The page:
What makes me scared is the tag line at the bottom of the ad, it says "Gi us Danmark tilbage," which essentially means "give us Denmark back." To which I ask...back from whom? Muslims in Denmark are for the most part Danish citizens, so who do you mean when you say "us" - white Lutheran Danes only? Does that mean that despite having Danish citizenship, speaking the language, serving the military, a Muslim cannot be a Dane? It is the same radical ideology the Nazi's had, that no matter that the Jews spoke German, had German citizenship, were fifth or sixth generations German, served the military, they were not German. Could it not be possible that Denmark, like the rest of the world is diversifying, so this idea of "giving back," really just means "we don't want anything to change, we liked it the way it was," in which case, I worry...because it is radical parties like these ones who when the economy goes south, rise up and attack minorities (in Denmark Muslims are the largest minority). I just pray that what happened in Germany in the 1930's, doesn't happen to Denmark in the future.

Finally, to end on a happy note - take a look at my little plant, its blooming again - see it seems I'm not an all-out plant killer after all! I've already found a loving home here in Copenhagen for said little guy and the other plant I have, who is also alive, just not blooming : ) So my wanted picture can come down off the plant world post office's : )

Monday, May 05, 2008


Not a lot of words, more of a pictorial....went to Legoland Billund, Denmark on Saturday (school trip) and all I can say is.....TONS o' FUN!!!!

Capital made of legos!

Just the attention to detail in everything they do in Legoland, you can see the street sign in the background, amazing!

As you can see EVERYTHING is made of legos. iIt is wild, besides these made structures, Legoland has put lego creatures EVERYWHERE! For example in Pirate land, my friends and I were standing in line and there up on a perch inside the ride's building, a lego parrot!
A view of the park from their observation tower.

Legoland is definitely for small children but when you go with a school group, the trip can be mad amusing! We rode almost all the rides (one roller coaster) and played the games (like the one where you pretend to be firemen and try to put out a fake fire, much harder than you would think!). Plus the fun of this trip was just getting to Legoland. It was interesting to go to a different part of Denmark...Legoland is in Billund, which is on Jutland, the bigger portion of Denmark. Copenhagen is in Zealand, which is the smaller part of Denmark. To get from Zealand to Jutland you have to cross the world's second largest suspension bridge and Jutland is definitely more country than its city cousin Zealand.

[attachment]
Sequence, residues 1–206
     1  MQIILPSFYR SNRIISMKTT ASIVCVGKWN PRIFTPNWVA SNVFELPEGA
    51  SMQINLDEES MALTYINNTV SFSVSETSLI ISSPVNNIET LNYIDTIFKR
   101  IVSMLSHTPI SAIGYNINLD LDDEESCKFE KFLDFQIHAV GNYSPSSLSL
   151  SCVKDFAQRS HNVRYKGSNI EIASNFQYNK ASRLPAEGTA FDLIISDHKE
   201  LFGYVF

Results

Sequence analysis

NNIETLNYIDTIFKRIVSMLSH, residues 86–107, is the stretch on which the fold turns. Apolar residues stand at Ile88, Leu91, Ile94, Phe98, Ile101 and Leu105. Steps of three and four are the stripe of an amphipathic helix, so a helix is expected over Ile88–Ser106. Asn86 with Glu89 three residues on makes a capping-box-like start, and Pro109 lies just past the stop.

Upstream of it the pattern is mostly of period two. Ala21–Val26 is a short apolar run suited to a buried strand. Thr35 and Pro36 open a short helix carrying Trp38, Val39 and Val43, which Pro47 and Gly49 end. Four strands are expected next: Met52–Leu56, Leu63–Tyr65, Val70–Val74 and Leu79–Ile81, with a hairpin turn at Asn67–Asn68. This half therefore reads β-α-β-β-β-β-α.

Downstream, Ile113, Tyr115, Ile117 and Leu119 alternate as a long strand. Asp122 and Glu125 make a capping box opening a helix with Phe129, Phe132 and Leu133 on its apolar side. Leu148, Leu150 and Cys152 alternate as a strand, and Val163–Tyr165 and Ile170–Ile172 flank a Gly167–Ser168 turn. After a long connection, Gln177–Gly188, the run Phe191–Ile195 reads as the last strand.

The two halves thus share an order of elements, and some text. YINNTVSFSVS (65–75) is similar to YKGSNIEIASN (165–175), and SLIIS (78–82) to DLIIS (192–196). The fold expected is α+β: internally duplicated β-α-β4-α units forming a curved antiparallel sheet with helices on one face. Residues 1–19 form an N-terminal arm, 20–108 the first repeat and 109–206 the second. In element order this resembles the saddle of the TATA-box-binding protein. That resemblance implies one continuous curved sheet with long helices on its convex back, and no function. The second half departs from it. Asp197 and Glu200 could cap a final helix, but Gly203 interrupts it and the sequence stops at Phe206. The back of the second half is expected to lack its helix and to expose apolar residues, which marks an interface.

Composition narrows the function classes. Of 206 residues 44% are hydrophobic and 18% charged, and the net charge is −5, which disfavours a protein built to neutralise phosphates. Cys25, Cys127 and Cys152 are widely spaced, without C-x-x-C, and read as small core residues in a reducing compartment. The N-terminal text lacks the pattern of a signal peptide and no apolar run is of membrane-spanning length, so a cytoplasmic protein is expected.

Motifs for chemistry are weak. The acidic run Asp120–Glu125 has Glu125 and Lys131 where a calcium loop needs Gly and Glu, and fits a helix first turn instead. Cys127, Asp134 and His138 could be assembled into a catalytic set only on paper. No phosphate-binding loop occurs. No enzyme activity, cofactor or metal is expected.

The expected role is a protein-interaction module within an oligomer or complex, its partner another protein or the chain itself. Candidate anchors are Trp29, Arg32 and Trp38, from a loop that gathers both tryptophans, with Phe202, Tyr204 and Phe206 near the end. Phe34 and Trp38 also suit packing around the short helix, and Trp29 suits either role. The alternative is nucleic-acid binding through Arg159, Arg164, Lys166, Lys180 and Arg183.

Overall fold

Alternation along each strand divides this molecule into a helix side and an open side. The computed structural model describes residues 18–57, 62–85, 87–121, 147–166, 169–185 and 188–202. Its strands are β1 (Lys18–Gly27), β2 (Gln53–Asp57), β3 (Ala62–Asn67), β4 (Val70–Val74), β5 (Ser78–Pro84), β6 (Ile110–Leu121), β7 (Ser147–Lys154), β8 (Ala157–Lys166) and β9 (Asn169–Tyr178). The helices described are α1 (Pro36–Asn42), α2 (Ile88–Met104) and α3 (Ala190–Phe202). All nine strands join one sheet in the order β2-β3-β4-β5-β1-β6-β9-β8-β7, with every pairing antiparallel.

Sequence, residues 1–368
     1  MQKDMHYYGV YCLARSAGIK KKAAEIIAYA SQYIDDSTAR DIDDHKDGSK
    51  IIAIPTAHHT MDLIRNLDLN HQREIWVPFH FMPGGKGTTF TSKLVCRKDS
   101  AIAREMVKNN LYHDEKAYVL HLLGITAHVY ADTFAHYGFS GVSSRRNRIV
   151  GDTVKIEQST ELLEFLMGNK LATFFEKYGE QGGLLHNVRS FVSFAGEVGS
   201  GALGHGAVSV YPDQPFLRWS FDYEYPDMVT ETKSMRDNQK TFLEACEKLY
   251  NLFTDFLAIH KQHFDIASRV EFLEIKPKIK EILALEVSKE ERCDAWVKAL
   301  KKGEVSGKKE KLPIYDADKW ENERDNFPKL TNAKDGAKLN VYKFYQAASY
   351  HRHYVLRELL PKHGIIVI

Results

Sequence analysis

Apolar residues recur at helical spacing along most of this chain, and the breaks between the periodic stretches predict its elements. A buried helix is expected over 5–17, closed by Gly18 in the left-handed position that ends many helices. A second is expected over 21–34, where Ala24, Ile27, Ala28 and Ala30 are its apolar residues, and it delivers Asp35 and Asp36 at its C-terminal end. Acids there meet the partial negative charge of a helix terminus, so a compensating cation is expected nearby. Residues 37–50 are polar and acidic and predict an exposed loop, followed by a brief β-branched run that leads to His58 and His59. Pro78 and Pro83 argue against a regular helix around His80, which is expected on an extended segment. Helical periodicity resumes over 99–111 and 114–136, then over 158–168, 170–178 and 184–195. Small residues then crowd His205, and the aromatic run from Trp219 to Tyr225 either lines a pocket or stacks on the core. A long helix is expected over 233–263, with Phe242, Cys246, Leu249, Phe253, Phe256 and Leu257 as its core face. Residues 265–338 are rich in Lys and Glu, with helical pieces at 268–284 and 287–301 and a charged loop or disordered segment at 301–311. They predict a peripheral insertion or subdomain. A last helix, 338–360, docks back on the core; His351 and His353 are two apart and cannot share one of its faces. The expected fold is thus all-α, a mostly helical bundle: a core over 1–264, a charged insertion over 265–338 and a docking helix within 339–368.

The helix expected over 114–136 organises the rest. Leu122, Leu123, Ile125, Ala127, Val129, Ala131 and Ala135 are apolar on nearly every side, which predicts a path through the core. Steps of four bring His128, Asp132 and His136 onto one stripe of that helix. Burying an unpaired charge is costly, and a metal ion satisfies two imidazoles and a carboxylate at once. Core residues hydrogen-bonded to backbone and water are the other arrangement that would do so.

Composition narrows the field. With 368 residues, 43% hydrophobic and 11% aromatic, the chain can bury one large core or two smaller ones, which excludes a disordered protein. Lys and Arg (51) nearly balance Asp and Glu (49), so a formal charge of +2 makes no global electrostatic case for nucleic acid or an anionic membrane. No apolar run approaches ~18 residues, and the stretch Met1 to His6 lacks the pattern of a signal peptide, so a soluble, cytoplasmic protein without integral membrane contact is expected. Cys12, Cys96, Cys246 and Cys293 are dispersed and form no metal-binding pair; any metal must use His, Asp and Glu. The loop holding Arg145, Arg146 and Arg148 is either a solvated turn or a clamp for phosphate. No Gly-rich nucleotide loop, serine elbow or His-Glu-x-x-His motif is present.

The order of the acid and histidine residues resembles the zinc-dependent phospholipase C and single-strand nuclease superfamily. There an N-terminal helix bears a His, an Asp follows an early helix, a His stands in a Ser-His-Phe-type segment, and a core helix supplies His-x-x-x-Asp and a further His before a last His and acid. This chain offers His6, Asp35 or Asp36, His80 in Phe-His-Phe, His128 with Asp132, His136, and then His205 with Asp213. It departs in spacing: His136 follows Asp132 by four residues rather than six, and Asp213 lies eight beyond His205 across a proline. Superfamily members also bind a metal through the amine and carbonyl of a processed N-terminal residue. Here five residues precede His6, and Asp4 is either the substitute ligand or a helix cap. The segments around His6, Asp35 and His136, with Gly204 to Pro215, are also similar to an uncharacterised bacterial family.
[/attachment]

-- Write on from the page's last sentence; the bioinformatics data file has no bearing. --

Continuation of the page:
I highly recommend if you make an extended visit to Denmark to do this amusement park, especially if you have little children! an aside to my sister, they had Spongebob Squarepants key chains and I went a little crazy, you will see soon!

Thursday, May 01, 2008


Just some photos of my adventure yesterday - Tivoli!! Tivoli is THE amusement park here in Denmark and Copenhagen. The official tourist book describes it as pleasure garden with rides and entertainment. I agree, wonderful orchestra bands, a plethora of ways to turn you upside down, groomed plant beds and a fun pantomime show. Tivoli has been in Copenhagen for centuries, some argue that its the world's oldest fun fair. Its a Danish staple, people say one of the things you have to do during the summer. Whatever its heritage, Tivoli is a MUST-SEE if you come to Copenhagen!

My friend L and I went with her mom (whose visiting from the States) yesterday. It was nice, cost of entrance is about $20, but you have to pay for the rides separately...I chose not to ride (save some cash that way). Tivoli is a calm little park-like oasis in the middle of this major city. I was pleasantly surprised when I entered. Certainly from the outside, one cannot tell how deep and lovely it is, with gardens (so beautiful both L's mum and I were tempted to pluck the flowers) and all these variety of rides and amusement games. Tivoli is set up with different country themes, so in one corner is Asia, one Arab and one historic Europe - with a pirate ship. American amusement parks would eat this one in a single gulp, but what Tivoli lacks in size, it makes up for in charm!
At night it is just gorgeous with lights everywhere (including hung in the weeping willows that border the lake...yes there is a lake inside the park). It is just the kind of place to dress up nicely and swing a parasol; think that first location on the Willy Wonka factory tour (smile).

In other news, I can't believe I only have two weeks left here..I'm excited to go home and see my family and friends but this has certainly been for most intents and purposes (yes Joe you are right) a four month vacation and honestly, who likes to leave a vacation, no? Though this week working with my group on our Emerging Markets paper has brought home to me quite well that I am attending school here. Ironic eh, first three months here, my classes go swimmingly, last two weeks and one stupid class has me screaming and pulling my hair. Aye!